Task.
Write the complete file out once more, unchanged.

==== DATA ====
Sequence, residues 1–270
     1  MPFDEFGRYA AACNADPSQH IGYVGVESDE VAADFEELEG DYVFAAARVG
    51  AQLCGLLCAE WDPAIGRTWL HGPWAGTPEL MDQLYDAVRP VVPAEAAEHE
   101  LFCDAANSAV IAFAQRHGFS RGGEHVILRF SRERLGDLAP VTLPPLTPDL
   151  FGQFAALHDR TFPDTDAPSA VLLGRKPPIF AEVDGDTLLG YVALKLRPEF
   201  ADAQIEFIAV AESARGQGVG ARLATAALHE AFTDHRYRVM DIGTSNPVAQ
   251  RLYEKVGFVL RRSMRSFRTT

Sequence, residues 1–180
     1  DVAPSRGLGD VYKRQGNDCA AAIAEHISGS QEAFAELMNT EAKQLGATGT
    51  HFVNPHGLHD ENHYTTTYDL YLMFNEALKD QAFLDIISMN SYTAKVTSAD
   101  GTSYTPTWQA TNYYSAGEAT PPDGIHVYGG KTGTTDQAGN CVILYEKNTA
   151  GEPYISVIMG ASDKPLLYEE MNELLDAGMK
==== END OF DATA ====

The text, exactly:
Sequence, residues 1–270
     1  MPFDEFGRYA AACNADPSQH IGYVGVESDE VAADFEELEG DYVFAAARVG
    51  AQLCGLLCAE WDPAIGRTWL HGPWAGTPEL MDQLYDAVRP VVPAEAAEHE
   101  LFCDAANSAV IAFAQRHGFS RGGEHVILRF SRERLGDLAP VTLPPLTPDL
   151  FGQFAALHDR TFPDTDAPSA VLLGRKPPIF AEVDGDTLLG YVALKLRPEF
   201  ADAQIEFIAV AESARGQGVG ARLATAALHE AFTDHRYRVM DIGTSNPVAQ
   251  RLYEKVGFVL RRSMRSFRTT

Sequence, residues 1–180
     1  DVAPSRGLGD VYKRQGNDCA AAIAEHISGS QEAFAELMNT EAKQLGATGT
    51  HFVNPHGLHD ENHYTTTYDL YLMFNEALKD QAFLDIISMN SYTAKVTSAD
   101  GTSYTPTWQA TNYYSAGEAT PPDGIHVYGG KTGTTDQAGN CVILYEKNTA
   151  GEPYISVIMG ASDKPLLYEE MNELLDAGMK